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The Map of True Places
The Map of True Places
Author: Brunonia Barry
Brunonia Barry, the New York Times bestselling author of The Lace Reader, offers an emotionally compelling novel about finding your true place in the world. — Zee Finch has come a long way from a motherless childhood spent stealing boats—a tal...  more »
ISBN-13: 9780061624780
ISBN-10: 0061624780
Publication Date: 5/1/2010
Pages: 432
  • Currently 3.8/5 Stars.

3.8 stars, based on 23 ratings
Publisher: William Morrow
Book Type: Hardcover
Other Versions: Paperback, Audio CD
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reviewed The Map of True Places on + 289 more book reviews
Helpful Score: 2
In light of Herman Melville's line from Moby Dick--"It is not down in any map; true places never are"--Brunonia Barry's novel The Map of True Places is a wonderful attempt to capture the ephemeral, constantly changing, or ambiguous. Zee is the young protege of a famous psychotherapist, engaged to one of Beantown's most eligible bachelors. All is well, on paper at least, until Lilly, a bipolar patient with eerie similarities to her mother Maureen, commits suicide.

Crossing a professional boundary by attending Lilly's funeral, on the way back Zee drops by her hometown. She is shocked to find that her father Finch has thrown out his long-term partner Melville and that his Parkinson's disease has progressed much more than he has let on. She stays to stabilize her father's condition, changing the course of her own life along the way.

Barry manages to pull this story off well, despite its potentially melodramatic elements: a gay father who takes on a live-in lover after the mother's suicide, guilt over the inability to save mother and patient, and suspicions that the patient was stalked to her death. She masterfully weaves together the different threads connecting the back stories of Maureen, Finch, and Melville, Lilly's descent into mania, with the present reality of Finch's rapid deterioration into dementia. This intricate tapestry includes some romance and a thread of thriller towards the end. Zee's Salem is full of developed, sympathetic characters; indeed, Salem, MA with its maritime history is an integral backdrop.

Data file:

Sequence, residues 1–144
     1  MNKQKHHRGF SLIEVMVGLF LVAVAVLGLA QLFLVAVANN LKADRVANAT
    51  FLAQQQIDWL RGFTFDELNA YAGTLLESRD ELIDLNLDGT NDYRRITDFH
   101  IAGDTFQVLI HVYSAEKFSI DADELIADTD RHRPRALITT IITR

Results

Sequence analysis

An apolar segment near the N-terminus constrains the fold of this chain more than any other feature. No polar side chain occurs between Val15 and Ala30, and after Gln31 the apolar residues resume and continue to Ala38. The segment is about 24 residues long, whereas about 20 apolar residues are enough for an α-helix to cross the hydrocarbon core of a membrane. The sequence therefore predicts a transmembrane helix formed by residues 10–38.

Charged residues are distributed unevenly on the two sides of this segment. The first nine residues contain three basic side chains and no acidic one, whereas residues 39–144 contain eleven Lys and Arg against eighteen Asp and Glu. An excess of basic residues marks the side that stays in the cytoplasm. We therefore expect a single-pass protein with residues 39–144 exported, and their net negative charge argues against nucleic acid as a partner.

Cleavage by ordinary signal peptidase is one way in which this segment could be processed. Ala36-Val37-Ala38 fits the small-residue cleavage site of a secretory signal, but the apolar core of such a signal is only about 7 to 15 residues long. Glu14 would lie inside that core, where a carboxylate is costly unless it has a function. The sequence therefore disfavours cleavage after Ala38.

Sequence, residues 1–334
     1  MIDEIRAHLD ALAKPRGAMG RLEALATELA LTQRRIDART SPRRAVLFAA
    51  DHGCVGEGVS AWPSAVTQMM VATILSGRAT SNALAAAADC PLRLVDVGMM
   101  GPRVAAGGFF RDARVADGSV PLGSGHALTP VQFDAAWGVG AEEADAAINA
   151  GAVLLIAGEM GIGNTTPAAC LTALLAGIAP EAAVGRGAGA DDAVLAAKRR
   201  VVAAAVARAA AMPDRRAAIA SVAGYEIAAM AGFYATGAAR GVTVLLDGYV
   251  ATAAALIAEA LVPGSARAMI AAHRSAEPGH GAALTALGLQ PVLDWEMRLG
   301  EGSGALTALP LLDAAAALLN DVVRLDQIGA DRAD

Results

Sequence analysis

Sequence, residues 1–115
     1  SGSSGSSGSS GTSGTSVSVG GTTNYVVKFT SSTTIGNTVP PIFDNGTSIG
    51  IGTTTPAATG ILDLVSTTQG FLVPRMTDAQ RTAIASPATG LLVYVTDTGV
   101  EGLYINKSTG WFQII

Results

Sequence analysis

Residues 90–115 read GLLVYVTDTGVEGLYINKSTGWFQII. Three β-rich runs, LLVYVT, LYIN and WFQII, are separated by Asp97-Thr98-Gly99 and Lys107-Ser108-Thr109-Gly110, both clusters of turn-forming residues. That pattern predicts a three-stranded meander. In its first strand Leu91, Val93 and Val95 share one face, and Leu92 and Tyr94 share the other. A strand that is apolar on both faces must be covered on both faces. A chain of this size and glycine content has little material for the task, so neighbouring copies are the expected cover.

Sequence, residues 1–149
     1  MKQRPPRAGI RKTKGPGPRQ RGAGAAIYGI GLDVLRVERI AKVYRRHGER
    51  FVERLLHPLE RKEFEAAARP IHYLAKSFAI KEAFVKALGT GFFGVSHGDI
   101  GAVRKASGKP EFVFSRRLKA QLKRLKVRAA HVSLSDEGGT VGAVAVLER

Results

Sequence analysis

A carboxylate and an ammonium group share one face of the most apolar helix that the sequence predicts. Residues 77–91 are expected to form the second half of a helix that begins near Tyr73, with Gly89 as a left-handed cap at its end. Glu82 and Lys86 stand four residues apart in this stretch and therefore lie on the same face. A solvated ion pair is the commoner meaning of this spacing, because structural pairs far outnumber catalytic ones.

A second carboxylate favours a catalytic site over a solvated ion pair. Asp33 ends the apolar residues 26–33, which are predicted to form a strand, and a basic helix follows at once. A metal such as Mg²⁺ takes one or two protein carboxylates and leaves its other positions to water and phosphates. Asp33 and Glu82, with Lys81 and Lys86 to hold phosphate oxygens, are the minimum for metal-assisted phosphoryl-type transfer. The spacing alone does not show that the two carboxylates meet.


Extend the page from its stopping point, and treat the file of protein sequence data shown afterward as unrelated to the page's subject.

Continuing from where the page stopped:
My one quip --common to other life-changing homecoming novels--is the lack of insight into Zee's character between her leaving and returning to Salem. How did the troubled teenager of the prologue, who 'borrows' boats for joyrides after Maureen's death grow into the young woman with everything going for her, but clueless about what she actually wants? There's a vacuum there, which makes her ongoing adult life, and especially her fiance, seem like a straw man to knock down in favor of rediscovered priorities. Nonetheless, The Map of True Places was an enjoyable and ultimately uplifting read despite the heavy topics of mental illness, suicide, and progressive debilitating disease.

Condensed from my original review at
reviewed The Map of True Places on + 30 more book reviews
Helpful Score: 1
Enjoyed this book so much! Highly recommended!
reviewed The Map of True Places on + 376 more book reviews
Helpful Score: 1
For me, the most interesting parts of this books were the references to Hawthorne and Yeats. I also learned quite a bit about the devestating effects of Parkinson's disease. I didn't find the characters very engaging and I thought there were too many story lines. If you want to know more about Salem, MA and its maritime history, you will like this book. If you want a book that you will remember, look elsewhere.
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reviewed The Map of True Places on + 468 more book reviews
I absolutely loved this book, and thought that it was even better than "The Lace Reader". I listened to this in the car during the week, and while at first I was annoyed by the narrator's voice, by the end of the book I was impressed by the great job she did in bringing all of the characters to life. Terrific writing and sense of place make this a highly recommended read.